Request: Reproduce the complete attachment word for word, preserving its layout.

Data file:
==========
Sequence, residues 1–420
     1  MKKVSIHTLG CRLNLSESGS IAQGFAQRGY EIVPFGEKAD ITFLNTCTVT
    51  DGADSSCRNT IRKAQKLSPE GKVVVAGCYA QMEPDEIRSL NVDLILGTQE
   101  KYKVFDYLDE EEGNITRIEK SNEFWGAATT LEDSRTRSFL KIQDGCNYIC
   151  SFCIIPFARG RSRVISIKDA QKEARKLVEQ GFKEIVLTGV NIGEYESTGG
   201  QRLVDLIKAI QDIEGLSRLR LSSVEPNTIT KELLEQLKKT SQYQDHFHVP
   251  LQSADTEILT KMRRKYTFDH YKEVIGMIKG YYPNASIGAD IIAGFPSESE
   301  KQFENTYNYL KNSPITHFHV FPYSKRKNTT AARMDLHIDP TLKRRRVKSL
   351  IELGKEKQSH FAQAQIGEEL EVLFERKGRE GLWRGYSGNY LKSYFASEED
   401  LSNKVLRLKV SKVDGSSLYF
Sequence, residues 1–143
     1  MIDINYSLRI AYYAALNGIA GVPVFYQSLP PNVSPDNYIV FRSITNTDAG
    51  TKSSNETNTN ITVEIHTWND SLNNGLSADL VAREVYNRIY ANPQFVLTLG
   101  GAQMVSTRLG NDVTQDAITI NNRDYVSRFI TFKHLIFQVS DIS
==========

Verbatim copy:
Sequence, residues 1–420
     1  MKKVSIHTLG CRLNLSESGS IAQGFAQRGY EIVPFGEKAD ITFLNTCTVT
    51  DGADSSCRNT IRKAQKLSPE GKVVVAGCYA QMEPDEIRSL NVDLILGTQE
   101  KYKVFDYLDE EEGNITRIEK SNEFWGAATT LEDSRTRSFL KIQDGCNYIC
   151  SFCIIPFARG RSRVISIKDA QKEARKLVEQ GFKEIVLTGV NIGEYESTGG
   201  QRLVDLIKAI QDIEGLSRLR LSSVEPNTIT KELLEQLKKT SQYQDHFHVP
   251  LQSADTEILT KMRRKYTFDH YKEVIGMIKG YYPNASIGAD IIAGFPSESE
   301  KQFENTYNYL KNSPITHFHV FPYSKRKNTT AARMDLHIDP TLKRRRVKSL
   351  IELGKEKQSH FAQAQIGEEL EVLFERKGRE GLWRGYSGNY LKSYFASEED
   401  LSNKVLRLKV SKVDGSSLYF
Sequence, residues 1–143
     1  MIDINYSLRI AYYAALNGIA GVPVFYQSLP PNVSPDNYIV FRSITNTDAG
    51  TKSSNETNTN ITVEIHTWND SLNNGLSADL VAREVYNRIY ANPQFVLTLG
   101  GAQMVSTRLG NDVTQDAITI NNRDYVSRFI TFKHLIFQVS DIS